Like the rainforests from which their name derives, the steady beat of the west coast can be found within the sound of Carmanah. From muddy blues-funk to light soaring melodies, Carmanah creates music that curves and tumbles through valleys and over peaks guiding the listener on a celebratory sonic journey.
Recognizing Carmanah’s passion for their home and the ways it influences their music, renown producer Gus Van Go (The Arkells, Sam Roberts, Wintersleep) coined the term “West Coast Soul” to describe their unique sound. The band’s first album, Speak in Rhythms produced two #1 CBC Music tracks, the effervescent ‘Roots’ and shimmering, brooding ‘Nightmare’, setting the tone for this new west coast sound.
With one album behind them and one ahead, Carmanah is crafting a musical niche of their very own, a vintage blend of the intuitive and the technical; a blend that lies somewhere among roots, rock and blues — all seamlessly woven together by Laura Mina Mitic’s  soulfully luminous vocals.

Iris, their forthcoming album is a natural evolution and a moody counterpoint to their debut. Recorded between the wild forests of B.C. and the concrete high rises of Brooklyn, Iris is a heartfelt offering, a tapestry of thoughtful stories for our time. Undulating rhythms and bountiful instrumentation create a rich sonic backdrop for driving melodies and potent lyricism. The first track ‘Mountain Woman’ shows rousing vocals layered atop of propulsive rhythms, a joyful assertion of feminine energy and natural power. Lead single ‘As I See You’ is one of the gentler songs on the album, a sultry composition that speaks of friendship and holding up the people you love while valuing what they love in you. It’s a track that carries a compassionate message; “By embracing those who love us, within ourselves we can find a sense of home and belonging in our own skin”, says Mitic, “By caring for the environment around us, we also care for ourselves.”
As a collective, Carmanah — who’s lineup also includes guitarist and vocalist Pat Ferguson, keyboardist Mike Baker, bassist Jamil Demers, drummer Graham Keehn and backup vocalist Lo Waight — share a reverence and respect for humanity and the earth. This shared ethos guides the decisions they make as a band; from being ambassadors for The Jellyfish Project, an educational and movement-building environmental organization represented by a global coalition of musicians; to touring in a retrofitted vegetable-oil driven tour bus, an ambitious project that Ferguson himself has taken on in his own backyard. Woven into their music is contemporary comment on the current political climate, environmental issues and the human condition; “I get really excited when I think about music as a way to spark action,” Mitic explains.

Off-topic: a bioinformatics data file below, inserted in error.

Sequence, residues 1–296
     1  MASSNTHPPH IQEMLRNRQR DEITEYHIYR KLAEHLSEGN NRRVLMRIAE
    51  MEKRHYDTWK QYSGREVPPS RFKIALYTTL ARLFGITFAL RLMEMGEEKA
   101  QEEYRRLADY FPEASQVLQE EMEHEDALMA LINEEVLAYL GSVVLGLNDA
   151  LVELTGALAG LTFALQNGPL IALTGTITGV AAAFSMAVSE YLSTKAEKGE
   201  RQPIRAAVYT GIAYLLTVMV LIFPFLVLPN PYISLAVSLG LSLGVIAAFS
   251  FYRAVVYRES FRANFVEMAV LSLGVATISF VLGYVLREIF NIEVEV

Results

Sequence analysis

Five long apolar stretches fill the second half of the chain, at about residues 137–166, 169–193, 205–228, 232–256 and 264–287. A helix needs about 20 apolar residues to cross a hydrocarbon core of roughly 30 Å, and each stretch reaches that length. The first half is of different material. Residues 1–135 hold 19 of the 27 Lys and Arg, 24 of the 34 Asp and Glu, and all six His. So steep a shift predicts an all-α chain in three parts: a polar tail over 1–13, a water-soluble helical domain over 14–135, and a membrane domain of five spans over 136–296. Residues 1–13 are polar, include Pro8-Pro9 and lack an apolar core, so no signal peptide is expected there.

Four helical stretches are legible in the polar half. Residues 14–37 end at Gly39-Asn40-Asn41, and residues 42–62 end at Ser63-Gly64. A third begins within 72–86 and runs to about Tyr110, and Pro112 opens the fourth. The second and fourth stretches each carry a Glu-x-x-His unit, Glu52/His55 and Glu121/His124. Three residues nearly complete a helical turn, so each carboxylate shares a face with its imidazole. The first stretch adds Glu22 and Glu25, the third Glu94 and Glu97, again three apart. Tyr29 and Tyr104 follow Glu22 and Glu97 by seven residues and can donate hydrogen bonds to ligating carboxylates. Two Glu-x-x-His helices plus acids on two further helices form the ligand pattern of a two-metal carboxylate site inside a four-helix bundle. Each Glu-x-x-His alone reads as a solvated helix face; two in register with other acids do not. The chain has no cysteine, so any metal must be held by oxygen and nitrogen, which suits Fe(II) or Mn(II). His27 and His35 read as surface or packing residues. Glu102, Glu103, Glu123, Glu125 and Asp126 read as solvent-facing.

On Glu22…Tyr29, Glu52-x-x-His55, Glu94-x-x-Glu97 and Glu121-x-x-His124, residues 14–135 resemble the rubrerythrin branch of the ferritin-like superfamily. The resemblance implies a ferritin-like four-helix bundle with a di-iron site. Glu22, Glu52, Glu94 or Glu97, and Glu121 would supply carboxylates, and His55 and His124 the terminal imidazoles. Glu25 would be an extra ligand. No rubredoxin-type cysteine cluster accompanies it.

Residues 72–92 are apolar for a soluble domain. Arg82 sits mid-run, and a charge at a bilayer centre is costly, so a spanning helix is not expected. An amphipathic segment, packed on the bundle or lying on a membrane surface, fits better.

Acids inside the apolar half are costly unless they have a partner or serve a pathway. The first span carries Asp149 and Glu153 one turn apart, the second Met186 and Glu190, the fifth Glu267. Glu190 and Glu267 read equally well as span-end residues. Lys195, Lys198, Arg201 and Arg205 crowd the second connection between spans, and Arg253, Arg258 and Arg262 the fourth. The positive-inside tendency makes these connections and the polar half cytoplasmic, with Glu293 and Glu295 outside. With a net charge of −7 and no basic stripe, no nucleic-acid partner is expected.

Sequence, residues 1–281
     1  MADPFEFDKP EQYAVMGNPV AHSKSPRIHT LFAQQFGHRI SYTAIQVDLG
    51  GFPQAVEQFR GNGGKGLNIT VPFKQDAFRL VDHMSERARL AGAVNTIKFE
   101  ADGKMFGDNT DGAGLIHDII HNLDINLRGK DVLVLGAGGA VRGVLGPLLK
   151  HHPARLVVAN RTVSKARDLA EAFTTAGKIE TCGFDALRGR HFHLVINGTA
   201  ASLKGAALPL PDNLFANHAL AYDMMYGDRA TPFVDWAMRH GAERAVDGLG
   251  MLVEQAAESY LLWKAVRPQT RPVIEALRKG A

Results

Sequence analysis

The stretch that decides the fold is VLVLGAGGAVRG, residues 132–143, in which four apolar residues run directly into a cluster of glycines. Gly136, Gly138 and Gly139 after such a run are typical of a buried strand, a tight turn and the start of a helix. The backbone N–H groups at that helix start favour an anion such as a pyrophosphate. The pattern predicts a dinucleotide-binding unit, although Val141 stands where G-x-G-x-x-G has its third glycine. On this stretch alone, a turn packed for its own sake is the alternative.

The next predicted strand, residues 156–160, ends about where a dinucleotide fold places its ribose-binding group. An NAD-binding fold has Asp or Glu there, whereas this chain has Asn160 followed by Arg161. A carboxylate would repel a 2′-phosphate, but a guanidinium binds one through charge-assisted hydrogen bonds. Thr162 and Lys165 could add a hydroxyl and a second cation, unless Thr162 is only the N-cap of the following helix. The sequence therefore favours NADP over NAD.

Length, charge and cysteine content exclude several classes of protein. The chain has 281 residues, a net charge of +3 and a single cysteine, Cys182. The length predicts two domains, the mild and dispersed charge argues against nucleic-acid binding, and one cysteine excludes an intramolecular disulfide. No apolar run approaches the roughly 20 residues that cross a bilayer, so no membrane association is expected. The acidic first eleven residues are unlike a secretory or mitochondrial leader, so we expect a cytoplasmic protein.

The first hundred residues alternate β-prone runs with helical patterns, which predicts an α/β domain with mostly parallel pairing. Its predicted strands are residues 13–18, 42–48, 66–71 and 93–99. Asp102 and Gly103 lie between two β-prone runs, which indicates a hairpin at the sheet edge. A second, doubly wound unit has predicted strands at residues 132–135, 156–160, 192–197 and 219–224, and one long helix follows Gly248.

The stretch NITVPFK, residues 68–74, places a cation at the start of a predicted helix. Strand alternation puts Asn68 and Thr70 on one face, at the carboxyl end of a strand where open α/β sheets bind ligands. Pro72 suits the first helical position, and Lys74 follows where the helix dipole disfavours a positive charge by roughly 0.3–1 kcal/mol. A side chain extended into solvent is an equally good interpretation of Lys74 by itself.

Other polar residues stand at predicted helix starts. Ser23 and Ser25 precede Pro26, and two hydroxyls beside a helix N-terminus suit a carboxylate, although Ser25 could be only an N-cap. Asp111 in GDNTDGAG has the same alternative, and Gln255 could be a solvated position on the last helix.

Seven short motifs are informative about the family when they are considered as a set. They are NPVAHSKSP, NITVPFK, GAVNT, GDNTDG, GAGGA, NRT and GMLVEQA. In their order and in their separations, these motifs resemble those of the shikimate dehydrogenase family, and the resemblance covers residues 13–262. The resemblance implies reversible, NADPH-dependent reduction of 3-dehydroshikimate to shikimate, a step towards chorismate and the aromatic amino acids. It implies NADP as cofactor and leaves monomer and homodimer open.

The passion and authenticity Carmanah brings to all that they do has certainly caught the attention of audiences and media alike. Jon Williams of The Zone 91.3 Victoria calls Mitic “the Stevie Nicks of our generation,” and Mike Devlin of The Times Colonist states that “Very few bands in Canada fuse harmony with adventure in the way Carmanah does in concert.” Vancouver’s Daily Hive recently ranked the band among B.C.’s top acts to look out for, and with the band playing to rapidly growing audiences there are plenty who agree. Appearances at notable festivals such as Edmonton Folk Festival, Hillside Festival and Winnipeg Folk Festival, as well as tours and shows throughout Canada and the US supporting Current Swell, KD Lang, Ziggy Marley and others, have allowed the band to hone their craft, while their natural chemistry as musicians electrifies the crowd. "The thrill of making a connection with an audience — any audience — is what keeps me going," says Ferguson.

While Carmanah shines in front of live audiences, their emotive music has also found new audiences after being featured on the soundtrack for the independent film Run With The Ghosts of Giants (2019), as well as on such TV shows as CBC’s Heartland, Showcases’ Lost Girl and CityTV’s Hudson & Rex.
Carmanah shows that commercial success does not mean compromised personal values; that cross continent touring can also be low-impact; that a moral compass serves to make the path more clear, and that the music always sounds better when you play it with friends.